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Wednesday 7 June 2023 Dublin: 12°C
Infomatique via flickr/Creative Commons
# Heating
Funding issues delay Ireland's first District Heating project
Ireland could follow the lead of Russia, Poland, and other countries in installing cost-effective district heating – but only if it gets the funding.

DUBLIN IS ON track to being the first city in Ireland to install District Heating – but funding issues with the Poolbeg generating plant are delaying the project.

District Heating (DH) is used in countries like Russia and Poland, where it is low-cost or paid for through taxes, and involves “the distribution of heat from centralised heat sources via a hot water pipe network”, explains Dublin Waste.

A piping system has even been laid from Poolbeg to Spencer Dock in Dublin city that is supposed to pipe the heating to homes, but it can’t be used until the funding is gathered for the Dublin Waste to Energy project. This project in turn is dependent on work beginning at the Poolbeg generating site, as this is where the incinerator would be based that would generate the steam used to heat homes.

Earlier this week, a report presented to the Dáil’s Public Accounts Committee said the deadline for the resumption of work at the Poolbeg facility – which is currently set for November 5 – is set to be extended in order to give its operator Covanta enough time to secure funds for the deal.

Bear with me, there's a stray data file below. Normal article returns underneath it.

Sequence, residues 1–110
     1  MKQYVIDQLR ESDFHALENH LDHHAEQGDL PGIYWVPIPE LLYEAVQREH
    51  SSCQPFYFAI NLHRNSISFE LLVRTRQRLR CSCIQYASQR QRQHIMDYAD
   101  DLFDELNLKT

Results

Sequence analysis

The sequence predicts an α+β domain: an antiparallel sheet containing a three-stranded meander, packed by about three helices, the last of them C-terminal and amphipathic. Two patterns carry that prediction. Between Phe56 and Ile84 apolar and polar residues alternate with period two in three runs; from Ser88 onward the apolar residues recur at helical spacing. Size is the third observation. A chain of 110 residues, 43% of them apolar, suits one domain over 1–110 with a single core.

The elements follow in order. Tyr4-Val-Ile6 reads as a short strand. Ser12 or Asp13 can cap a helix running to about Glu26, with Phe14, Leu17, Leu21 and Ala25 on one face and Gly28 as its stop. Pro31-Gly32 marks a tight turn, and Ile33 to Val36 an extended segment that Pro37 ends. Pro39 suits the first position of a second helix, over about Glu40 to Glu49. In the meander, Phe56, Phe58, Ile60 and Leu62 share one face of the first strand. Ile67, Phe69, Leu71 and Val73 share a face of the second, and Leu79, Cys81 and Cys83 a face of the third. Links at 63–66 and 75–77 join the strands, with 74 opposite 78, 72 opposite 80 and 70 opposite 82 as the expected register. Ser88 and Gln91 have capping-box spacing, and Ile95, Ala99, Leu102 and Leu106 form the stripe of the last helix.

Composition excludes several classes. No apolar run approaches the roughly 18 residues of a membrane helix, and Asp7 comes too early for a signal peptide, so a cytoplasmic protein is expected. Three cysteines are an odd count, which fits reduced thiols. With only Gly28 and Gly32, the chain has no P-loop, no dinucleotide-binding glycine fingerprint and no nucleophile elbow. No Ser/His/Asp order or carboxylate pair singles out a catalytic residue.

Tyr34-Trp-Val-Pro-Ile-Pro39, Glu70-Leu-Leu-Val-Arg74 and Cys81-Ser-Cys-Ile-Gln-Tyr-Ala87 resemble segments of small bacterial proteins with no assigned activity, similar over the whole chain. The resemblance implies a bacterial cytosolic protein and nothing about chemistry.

Dublin Waste to Energy project

This project is a public private partnership between Dublin City Council (acting on behalf of the four Dublin local authorities) and Dublin Waste to Energy Ltd “to provide a thermal treatment plant to treat approximately 25 per cent of waste that cannot be reused or recycled”.

They say the plant will:

generate energy from up to 600,000 tonnes of waste per year that would otherwise go to landfill and will generate enough electricity for up to 50,000 homes annually as well as district heating for up to a further 60,000 homes.

The project received planning approval from An Bord Pleanála in November 2007, was granted a waste license from the Environmental Protection Agency in December 2008 and received authorisations from the Commission for Energy Regulation in September 2009. But now funding is needed for the rest of the plan to go ahead.